World Toilet Day Not As Funny As It Sounds

Perhaps World Toilet Day sounds a bit crude, and like the precursor to a bunch of potty jokes — but the United Nations created the “holiday” for very unfunny reasons.

World Toilet Day will now be observed on November 19, per the UN.

In a press release, the UN admits that the topic of toilets is one likely to elicit titters — and even says that the giggles are worth it if people are drawn to read, learn, and act on the issue of World Toilet Day.

The UN says:

“The amusement and laughter likely to follow the designation of 19 November as ‘World Toilet Day’ would all be worthwhile if people’s attention was drawn to the fact that 2.5 billion people lacked proper sanitation and 1.1 billion were forced to defecate in the open, the General Assembly heard today.”

A Singapore UN representative put the importance of World Toilet Day in even starker relief, adding that while many citizens worldwide find the issue of bathrooms funny or simply take proper facilities for granted, much of the planet doesn’t have that luxury.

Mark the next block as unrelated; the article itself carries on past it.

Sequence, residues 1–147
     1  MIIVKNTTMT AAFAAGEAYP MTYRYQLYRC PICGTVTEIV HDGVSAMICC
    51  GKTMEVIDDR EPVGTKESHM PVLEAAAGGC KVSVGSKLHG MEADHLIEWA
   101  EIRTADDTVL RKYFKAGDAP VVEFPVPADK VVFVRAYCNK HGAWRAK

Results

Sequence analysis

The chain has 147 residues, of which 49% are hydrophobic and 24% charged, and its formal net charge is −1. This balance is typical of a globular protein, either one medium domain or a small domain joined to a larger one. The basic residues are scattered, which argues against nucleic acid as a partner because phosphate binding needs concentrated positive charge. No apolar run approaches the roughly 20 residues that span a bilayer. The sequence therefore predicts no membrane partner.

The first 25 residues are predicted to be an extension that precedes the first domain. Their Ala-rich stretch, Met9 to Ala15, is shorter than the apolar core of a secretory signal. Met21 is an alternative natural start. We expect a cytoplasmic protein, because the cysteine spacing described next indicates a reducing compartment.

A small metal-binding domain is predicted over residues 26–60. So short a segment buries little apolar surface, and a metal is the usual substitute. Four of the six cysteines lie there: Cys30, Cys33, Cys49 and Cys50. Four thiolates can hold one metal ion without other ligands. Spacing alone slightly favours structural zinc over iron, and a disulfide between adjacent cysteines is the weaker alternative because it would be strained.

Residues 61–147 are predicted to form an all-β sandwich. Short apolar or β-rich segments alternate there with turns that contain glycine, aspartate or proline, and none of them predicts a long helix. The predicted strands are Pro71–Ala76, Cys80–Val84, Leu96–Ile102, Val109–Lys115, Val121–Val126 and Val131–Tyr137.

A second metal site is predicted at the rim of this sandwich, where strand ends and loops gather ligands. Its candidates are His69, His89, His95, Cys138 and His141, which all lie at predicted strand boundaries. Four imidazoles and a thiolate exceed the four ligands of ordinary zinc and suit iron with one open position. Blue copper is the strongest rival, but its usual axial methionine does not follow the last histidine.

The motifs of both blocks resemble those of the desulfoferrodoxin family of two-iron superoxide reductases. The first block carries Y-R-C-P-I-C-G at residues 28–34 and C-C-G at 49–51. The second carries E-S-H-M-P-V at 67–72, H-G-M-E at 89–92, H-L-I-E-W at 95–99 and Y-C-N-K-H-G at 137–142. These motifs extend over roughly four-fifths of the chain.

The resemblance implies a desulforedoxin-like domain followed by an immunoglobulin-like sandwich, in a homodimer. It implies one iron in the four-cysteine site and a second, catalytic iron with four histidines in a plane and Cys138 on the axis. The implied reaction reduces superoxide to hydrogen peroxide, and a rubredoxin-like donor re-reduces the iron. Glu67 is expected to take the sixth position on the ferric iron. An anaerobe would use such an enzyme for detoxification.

He said:

“Ending open defecation will lead to a 35 per cent reduction in diarrhea, which results in over 750,000 deaths of children under five years of age every year.”

One MSN user commented on the World Toilet Day initiative:

“… so if [countries] would stop producing weapons of war and use the money for toilets, every individual on the planet would have 10 toilets available to them.”

UN Deputy Secretary-General Jan Eliasson said of the newly minted World Toilet Day:

“Despite progress toward the Millennium Development Goals, one in three people do not have a basic toile… Almost 2,000 children die every day from preventable diarrheal diseases. Poor sanitation and water supply result in economic losses estimated at $260 billion annually in developing countries.”

Months ahead of World Toilet Day, a Twitter account aims to raise awareness too — but be warned, many of the hashtags contain a word considered to be moderately profane.